• Seal edges of tin with electrical tape (keeps tin waterproof and you’ll have tape)
  • Wrap duct tape around outside of tin
  • Put spare keys or credit card on top of duct tape
  • Wrap tin with ace bandage and seal inside Ziploc freezer bag
  • Secure with rubber band or hair tie

Cash and Communication Kit

When an emergency happens, especially one that knocks out power in some or all of the area, communication becomes difficult. For most of us, a power outage also means no access to money that we may have in the bank. Use an Altoid tin to keep extra cash, spare change, and other items you might need to get in touch with friends or family in an emergency.

  • Cash
  • Spare change
  • contact list taped inside lid (in case your cell dies)
  • Fully charged spare cell phone battery in zip lock bag
  • Emergency or backup credit card

Bow Tin

If bow hunting is your thing, you know how important it will be to have your supplies organized and ready for use in a survival emergency. An Altoid tin prepared in advance with the right materials and stored in the bottom of your tackle box, your BOB, or even the glove compartment of your car can come in handy as a last resort.

  • Arrow heads
  • dental floss
  • bow string
  • super glue
  • Fletching

Emergency Candle

Attach a wick clip and wick to the bottom of an Altoid tin. Fill the tin with melted wax and let it cool. Tape a book of matches to the lid of the tin and put the lid on tightly. Keep in a cool dry place until you need emergency light. Remove the lid and light the wick for hours of light.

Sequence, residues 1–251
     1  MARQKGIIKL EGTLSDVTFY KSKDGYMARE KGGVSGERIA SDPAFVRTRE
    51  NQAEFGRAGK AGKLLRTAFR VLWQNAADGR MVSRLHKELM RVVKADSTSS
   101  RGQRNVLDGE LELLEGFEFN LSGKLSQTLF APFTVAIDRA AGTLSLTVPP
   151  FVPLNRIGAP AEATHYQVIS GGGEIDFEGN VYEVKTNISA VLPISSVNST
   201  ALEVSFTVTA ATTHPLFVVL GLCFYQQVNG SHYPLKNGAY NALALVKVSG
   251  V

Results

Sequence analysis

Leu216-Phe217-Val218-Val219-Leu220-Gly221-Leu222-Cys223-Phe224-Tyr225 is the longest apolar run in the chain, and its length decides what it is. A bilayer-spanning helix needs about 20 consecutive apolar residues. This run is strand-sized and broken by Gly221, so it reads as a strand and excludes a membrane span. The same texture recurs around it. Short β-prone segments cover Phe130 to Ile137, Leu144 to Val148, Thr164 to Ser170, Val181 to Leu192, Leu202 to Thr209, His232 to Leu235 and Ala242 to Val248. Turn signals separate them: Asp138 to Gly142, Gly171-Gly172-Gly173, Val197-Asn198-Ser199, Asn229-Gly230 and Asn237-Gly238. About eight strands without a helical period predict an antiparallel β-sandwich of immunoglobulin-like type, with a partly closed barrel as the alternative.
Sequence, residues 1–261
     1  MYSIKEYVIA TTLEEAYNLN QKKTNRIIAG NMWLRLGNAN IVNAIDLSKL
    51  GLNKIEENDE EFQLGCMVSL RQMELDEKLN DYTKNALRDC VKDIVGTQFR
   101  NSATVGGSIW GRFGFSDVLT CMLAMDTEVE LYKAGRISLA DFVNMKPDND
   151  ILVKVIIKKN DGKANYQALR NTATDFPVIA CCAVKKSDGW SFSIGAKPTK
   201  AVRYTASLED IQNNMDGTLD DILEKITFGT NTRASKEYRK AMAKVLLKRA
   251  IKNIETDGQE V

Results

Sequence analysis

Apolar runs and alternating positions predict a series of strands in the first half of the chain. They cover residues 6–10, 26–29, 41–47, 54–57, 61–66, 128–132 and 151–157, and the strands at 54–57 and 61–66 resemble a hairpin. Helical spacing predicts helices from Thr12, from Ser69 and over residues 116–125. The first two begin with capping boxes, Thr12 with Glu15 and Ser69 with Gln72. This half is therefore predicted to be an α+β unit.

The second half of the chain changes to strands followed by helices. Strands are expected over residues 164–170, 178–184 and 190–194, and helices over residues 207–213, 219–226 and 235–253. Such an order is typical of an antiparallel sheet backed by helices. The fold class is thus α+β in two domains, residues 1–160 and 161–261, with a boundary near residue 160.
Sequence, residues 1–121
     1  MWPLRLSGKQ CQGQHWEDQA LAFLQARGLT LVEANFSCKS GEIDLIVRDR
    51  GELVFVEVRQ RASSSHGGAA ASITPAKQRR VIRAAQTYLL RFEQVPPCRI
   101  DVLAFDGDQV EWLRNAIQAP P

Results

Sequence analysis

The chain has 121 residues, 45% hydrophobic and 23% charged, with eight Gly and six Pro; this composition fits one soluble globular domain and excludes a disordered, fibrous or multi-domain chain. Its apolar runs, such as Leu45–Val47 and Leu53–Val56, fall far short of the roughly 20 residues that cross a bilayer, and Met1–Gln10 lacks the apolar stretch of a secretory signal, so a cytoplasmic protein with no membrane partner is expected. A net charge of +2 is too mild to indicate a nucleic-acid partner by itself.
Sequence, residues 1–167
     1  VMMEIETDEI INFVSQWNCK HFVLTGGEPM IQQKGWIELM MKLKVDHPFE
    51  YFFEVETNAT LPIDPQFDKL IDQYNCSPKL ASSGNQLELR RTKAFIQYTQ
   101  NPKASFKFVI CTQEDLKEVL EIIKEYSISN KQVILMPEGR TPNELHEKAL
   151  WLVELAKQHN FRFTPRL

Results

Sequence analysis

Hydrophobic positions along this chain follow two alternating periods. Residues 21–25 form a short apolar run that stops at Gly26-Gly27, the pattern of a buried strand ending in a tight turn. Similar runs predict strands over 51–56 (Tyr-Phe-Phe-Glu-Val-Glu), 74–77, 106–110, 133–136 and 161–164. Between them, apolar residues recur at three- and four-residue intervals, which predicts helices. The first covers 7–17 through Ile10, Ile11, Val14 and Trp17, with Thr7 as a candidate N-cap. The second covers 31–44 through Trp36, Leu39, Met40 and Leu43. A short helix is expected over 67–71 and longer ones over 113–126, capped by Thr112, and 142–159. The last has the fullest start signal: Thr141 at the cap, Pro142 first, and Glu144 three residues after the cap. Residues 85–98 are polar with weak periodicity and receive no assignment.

Char Cloth

An Altoid tin can make a great container to make and store char cloth for your fire-starting needs during a survival situation.

Store Electronics Components

If you’re an IT person, a ham radio operator, or an electrician you’re aware of how tiny the different components can be that are used to make repairs. An Altoid tin can be a great place just to store those tiny components. Use mini Altoid tins for each type of component or store multiple components for each type of repair together in one of the original tins. To make separate compartments within the tin, use popsicle sticks and a hot glue gun.


Videos to Modify Altoid Tins for Survival Use